Dynamic PostgreSQL is a managed PostgreSQL offering on Timescale that is built for your production workloads. Dynamic PostgreSQL is 100% PostgreSQL with no alterations to the core database. It comes with Timescale's dynamic compute and usage-based storage, giving you the scalability of a serverless database with the performance and cost-effectiveness of a statically allocated DBaaS.
Dynamic compute means you choose a compute range with a minimum and maximum instead of a single static compute option. Your database always has the minimum compute allocated to it. As your load increases and your application demands more of your database, your database can use up to the maximum of your range with zero delay.
With dynamic compute, your database always has the effective memory corresponding to the maximum of the compute range. For example, in a 4 - 8 CPU configuration, your database has 32 GB of effective memory.
In this model, you only pay for your minimum compute, and are metered for any usage above your minimum.
Dynamic PostgreSQL is currently using early access pricing, where any metered usage above the minimum is free.
Dynamic PostgreSQL comes with Timescale's usage-based storage. With usage-based storage, you only pay for the storage saved on disk, rather than the amount of disk space allocated. Usage-based storage is billed hourly per gigabyte of data.
Dynamic PostgreSQL is designed for continuous production workloads. There are four main types of database workloads: uniform, variable, bursty, and intermittent.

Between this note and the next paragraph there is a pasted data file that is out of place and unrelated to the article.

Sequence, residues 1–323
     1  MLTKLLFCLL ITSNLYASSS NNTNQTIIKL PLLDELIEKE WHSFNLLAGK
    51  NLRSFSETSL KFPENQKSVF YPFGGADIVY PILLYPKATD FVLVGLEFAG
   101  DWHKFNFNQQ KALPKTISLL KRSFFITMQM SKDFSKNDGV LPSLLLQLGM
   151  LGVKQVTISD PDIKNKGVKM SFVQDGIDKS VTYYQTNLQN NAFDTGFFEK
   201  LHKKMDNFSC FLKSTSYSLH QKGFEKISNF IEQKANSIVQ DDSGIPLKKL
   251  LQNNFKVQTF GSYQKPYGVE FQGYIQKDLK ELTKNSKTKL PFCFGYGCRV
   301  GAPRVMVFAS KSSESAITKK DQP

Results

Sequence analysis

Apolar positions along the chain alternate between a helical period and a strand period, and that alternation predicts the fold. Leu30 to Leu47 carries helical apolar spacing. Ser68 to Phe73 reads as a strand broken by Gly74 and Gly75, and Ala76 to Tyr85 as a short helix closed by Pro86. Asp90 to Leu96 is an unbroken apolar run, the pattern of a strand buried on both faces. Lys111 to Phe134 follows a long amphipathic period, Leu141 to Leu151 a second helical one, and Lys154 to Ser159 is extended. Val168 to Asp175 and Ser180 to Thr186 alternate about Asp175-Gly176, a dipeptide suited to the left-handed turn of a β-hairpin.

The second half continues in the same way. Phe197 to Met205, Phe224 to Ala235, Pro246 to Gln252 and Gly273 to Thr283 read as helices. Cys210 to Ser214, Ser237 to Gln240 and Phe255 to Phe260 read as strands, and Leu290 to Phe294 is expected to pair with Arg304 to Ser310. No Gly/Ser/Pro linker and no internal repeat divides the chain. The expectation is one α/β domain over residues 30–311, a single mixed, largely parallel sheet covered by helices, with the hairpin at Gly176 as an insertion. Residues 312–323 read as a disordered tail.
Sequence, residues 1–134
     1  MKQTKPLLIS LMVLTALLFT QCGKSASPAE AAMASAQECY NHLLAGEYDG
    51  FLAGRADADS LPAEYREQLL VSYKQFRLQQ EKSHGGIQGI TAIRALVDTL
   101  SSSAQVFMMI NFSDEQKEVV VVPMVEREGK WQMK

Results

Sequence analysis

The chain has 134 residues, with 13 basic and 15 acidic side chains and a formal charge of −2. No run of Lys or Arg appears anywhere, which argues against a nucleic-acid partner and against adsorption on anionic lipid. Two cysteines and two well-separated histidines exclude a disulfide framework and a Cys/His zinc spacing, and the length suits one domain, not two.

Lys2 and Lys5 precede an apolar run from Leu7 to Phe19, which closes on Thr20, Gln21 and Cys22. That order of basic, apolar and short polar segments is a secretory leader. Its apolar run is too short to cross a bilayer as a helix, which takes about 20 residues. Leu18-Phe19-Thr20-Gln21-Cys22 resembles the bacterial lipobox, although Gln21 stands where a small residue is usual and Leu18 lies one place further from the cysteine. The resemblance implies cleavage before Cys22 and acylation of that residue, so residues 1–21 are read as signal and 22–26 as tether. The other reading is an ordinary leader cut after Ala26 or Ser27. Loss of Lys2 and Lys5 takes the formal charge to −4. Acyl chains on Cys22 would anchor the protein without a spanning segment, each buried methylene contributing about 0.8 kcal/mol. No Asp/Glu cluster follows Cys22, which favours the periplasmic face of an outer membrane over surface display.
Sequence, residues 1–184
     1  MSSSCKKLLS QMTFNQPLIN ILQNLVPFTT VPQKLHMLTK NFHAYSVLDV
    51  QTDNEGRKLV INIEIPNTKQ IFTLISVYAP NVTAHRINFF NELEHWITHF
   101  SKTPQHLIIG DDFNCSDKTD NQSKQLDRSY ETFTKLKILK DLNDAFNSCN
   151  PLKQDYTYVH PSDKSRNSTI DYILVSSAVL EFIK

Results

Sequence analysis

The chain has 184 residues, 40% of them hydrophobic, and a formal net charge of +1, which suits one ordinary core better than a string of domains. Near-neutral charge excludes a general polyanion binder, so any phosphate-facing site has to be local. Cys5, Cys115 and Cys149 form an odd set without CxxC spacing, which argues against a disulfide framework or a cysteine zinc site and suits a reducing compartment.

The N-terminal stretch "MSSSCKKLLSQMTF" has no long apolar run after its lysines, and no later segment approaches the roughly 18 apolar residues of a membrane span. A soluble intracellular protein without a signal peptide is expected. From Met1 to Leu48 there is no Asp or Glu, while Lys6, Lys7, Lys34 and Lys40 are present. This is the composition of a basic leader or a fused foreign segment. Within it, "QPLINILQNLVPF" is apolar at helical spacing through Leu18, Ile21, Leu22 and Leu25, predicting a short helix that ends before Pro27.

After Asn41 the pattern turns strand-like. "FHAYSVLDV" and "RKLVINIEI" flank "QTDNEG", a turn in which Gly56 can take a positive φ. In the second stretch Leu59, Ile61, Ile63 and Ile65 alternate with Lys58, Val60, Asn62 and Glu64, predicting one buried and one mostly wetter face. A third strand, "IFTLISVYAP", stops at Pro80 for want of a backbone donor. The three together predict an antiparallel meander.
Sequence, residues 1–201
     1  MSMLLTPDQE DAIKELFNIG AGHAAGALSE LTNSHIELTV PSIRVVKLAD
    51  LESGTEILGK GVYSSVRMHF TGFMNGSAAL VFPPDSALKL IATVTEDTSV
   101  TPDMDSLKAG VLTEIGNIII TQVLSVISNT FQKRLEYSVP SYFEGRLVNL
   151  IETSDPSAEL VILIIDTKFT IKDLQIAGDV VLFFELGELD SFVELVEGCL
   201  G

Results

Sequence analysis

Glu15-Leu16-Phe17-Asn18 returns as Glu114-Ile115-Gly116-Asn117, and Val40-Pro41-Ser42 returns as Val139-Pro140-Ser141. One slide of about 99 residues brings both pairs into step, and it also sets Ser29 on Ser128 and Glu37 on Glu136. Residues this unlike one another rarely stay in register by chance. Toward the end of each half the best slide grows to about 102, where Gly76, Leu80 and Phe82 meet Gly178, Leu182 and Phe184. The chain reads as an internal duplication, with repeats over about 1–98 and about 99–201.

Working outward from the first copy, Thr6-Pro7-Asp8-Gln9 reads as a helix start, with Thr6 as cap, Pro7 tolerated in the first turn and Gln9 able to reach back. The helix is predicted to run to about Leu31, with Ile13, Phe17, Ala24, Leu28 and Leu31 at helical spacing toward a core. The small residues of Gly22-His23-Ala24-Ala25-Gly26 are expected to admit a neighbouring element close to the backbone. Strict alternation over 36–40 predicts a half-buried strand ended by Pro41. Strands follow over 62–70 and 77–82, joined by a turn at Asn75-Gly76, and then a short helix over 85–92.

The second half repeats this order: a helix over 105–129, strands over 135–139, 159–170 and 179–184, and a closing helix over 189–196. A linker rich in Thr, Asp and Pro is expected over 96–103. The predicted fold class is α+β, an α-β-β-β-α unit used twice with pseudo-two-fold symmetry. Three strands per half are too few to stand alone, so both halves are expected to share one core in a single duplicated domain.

Uniform workloads have a constant CPU usage. Dynamic PostgreSQL serves these workloads efficiently if the usage is provisioned within the compute range. This allows you to only pay for the compute you use, rather than overprovisioning.
Variable and bursty workloads have some kind of seasonality or spikiness. Dynamic PostgreSQL is great for these workloads as it allows you to scale seamlessly and only pay for the usage fluctuation above your minimum.
Intermittent workloads are workloads that happen only occasionally, don't need in-memory caching, and can tolerate a cold start. Serverless databases are generally a better fit for these workloads.
With Dynamic PostgreSQL, your bill has 2 components:
- Your storage costs, billed in GB/hours
- Your compute costs, which is your base compute plus any fractional CPU usage above your base, up to your max, in CPU/hours
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